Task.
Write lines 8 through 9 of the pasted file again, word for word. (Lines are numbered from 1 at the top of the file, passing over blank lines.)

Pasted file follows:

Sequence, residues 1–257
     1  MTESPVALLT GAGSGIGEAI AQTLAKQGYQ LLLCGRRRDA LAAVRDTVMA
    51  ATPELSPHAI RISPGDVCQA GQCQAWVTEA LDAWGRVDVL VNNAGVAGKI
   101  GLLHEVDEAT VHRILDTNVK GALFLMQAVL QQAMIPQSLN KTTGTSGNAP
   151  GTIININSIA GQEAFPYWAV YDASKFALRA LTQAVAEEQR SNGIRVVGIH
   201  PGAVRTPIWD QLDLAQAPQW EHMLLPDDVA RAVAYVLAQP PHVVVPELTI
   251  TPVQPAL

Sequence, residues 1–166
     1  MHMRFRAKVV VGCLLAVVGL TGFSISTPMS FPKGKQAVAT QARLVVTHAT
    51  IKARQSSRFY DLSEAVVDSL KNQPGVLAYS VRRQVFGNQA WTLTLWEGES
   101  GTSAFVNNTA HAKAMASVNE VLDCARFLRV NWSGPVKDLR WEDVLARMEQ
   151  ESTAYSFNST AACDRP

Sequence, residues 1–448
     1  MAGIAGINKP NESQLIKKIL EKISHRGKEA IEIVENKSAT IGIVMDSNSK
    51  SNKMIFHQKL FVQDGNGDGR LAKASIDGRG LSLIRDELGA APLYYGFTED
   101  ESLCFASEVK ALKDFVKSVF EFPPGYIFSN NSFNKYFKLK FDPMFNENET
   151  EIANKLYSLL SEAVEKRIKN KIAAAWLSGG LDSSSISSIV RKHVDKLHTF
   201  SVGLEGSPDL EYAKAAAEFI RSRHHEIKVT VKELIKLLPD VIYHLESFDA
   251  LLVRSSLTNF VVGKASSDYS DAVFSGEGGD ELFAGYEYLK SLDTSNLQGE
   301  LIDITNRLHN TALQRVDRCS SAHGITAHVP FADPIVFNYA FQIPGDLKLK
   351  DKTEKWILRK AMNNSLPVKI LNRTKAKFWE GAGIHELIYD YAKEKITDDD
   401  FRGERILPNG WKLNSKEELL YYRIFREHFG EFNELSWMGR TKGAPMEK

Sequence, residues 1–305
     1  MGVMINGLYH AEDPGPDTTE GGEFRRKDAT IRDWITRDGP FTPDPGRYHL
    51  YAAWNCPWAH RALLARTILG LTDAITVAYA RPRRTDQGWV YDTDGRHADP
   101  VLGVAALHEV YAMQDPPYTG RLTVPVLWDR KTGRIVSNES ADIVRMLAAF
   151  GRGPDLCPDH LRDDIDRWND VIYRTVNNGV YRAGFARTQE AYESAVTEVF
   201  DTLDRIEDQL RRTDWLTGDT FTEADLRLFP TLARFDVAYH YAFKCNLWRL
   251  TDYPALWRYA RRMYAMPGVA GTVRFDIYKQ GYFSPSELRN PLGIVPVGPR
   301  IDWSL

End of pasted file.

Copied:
Sequence, residues 1–166
     1  MHMRFRAKVV VGCLLAVVGL TGFSISTPMS FPKGKQAVAT QARLVVTHAT